Yorba Linda History

Historic Documents

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close this bookRancho Santa Ana Botanic Garden Collection
View the documentBotanic Garden and Herbarium Being Created in Santa Ana Canyon
Yorba Linda Star April 5 1929 page 1
View the documentMrs. Bryant Again Entertains Lemon Men's Club at Field Day Meeting
The California Citrograph June 1933
View the documentLocal Ranch is Sanctuary for Flora of State
Yorba Linda Star April 20 1934 page 1
View the documentPasture Fire on Bryant Ranch Burns 9 Hours, 160 Acres
Yorba Linda Star June 17 1938 page 1
View the documentRancho Santa Ana Botanic Garden Developing into Institution for Serious Scientific Research
Yorba Linda Star April 28 1939 page 5
View the documentCounty Home Makers Today Make Tour of Botanic Gardens
Yorba Linda Star May 5 1939 page 1
View the documentBig Grass Fire Covers 400 Acres of Bryant Ranch
Yorba Linda Star September 20 1940 page 1
View the documentFire Sweeps S.A. Canyon and Hills; North Edge Y.L. Singed
Yorba Linda Star November 12 1943
View the documentA Short History of the Rancho Santa Ana Botanic Garden
by Philip A. Munz,
Rancho Santa Ana Botanic Garden of the Native Plants of California May 1947
View the documentRancho Santa Ana Botanic Gardens to be Open to Public
Yorba Linda Star March 26 1948 page 1
View the documentBotanical Garden Opens to Public
Yorba Linda Star March 25 1949 page 1
View the documentBotanic Garden to Open to Visitors
Yorba Linda Star March 17 1950 page 1
View the documentBryant Ranch Tentative Tract Map Approved Following Council Discussion on Area Roads
Yorba Linda Star October 7 1978 page 1
View the documentControversial Bryant Ranch as Yet Remains Untouched
Yorba Linda Star March 23 1979 page 3
View the documentHistoric Home Subject of City Excursion
Yorba Linda Star February 29 1984 page 1
View the documentBryant Ranch Property: A Look at Its Past
Yorba Linda Star March 7 1984 page 3
View the documentSusanna Bryant Leaves Botanic Legacy
Yorba Linda Star March 14 1984 page 6
View the documentBryant Ranch Project Enters First Phase
Yorba Linda Star January 30 1985 page 5
View the documentBryant Ranch Slated to be Museum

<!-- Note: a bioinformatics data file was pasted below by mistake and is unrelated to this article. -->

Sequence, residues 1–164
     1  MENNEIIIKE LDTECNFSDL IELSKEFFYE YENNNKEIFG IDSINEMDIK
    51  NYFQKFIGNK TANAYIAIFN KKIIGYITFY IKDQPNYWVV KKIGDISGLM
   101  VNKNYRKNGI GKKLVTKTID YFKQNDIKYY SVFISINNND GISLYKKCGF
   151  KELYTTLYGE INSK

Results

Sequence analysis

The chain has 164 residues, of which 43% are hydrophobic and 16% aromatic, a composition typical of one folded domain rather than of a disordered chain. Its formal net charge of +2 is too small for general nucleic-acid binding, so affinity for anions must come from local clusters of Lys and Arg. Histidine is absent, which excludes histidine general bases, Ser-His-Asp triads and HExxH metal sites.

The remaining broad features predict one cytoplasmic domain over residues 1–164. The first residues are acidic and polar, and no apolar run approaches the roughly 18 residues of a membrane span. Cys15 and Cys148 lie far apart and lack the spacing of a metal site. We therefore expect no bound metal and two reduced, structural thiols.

Yorba Linda Star January 7 1987 page 1
View the documentYorba Ranch Building to be Salvaged
Yorba Linda Star February 4 1987 page 1
View the documentBryant Ranch House Museum Opens
Yorba Linda Star February 26 1988 page 3
View the documentRanch House has a History
Yorba Linda Star December 14 1995 page 8
View the documentBryant Ranch House to Vie for National Registry
Yorba Linda Star October 17 1996 page 1

Ranch House has a History

Yorba Linda Star December 14 1995 page 8   Open this page in a new window

Bryant Ranch isn't another set of tract homes in a master-designed neighborhood.

The dwelling is one of Yorba Linda's most important historical landmarks, city officials and residents say, with a story dating back to the 1800s.

The land the home stands on once belonged to the city's namesake—Bernardo Yorba. In the 1870s Yorba's widow sold the land to a man named John Bixby, who built a ranching operation on it. Bixby used the ranch to raise cattle and grow wheat, hay and citrus trees, said Mary Ruth Erickson, president of the city's historical society.

According to the city records, the rest of the story goes like this:

Bixby died in 1891 and left a portion of the property to his daughter, Susanna Bixby-Bryant. She later acquired the remainder of the land and built what is now the Bryant Ranch House.

Actively involved in the operation of the ranch, Susanna Bixby-Bryant lived in the house periodically and later used it as the ranch headquarters. More buildings were built in the 1920s.

As the years went on, Susanna Bixby-Bryant founded a 200-acre botanic garden on the property for the study of native California plants. The garden received national recognition, with mention in such publications as Sunset Magazine and the Christian Science Monitor.

When Susanna Bixby-Bryant died in 1952, the botanic garden was shut down and moved to Claremont, where it still exists.

Susanna Bixby-Bryant's nephew, Ernest Bryant III operated the ranch until 1978 when it sold. Since then, the Bryant Ranch House has remained vacant. Some of the other buildings on the property were destroyed by a fire in the 1980s, while others were demolished.

The Bryant Ranch is still considered an important historical element in the city because it is one of the last remaining examples of early California ranch houses, Erickson said.

“This is the last house standing from the ranch,” she said. “And it's one of the oldest buildings in the area.”

If the proposed development plan is approved, the society is going to apply for inclusion in the National Register of Historical Places.

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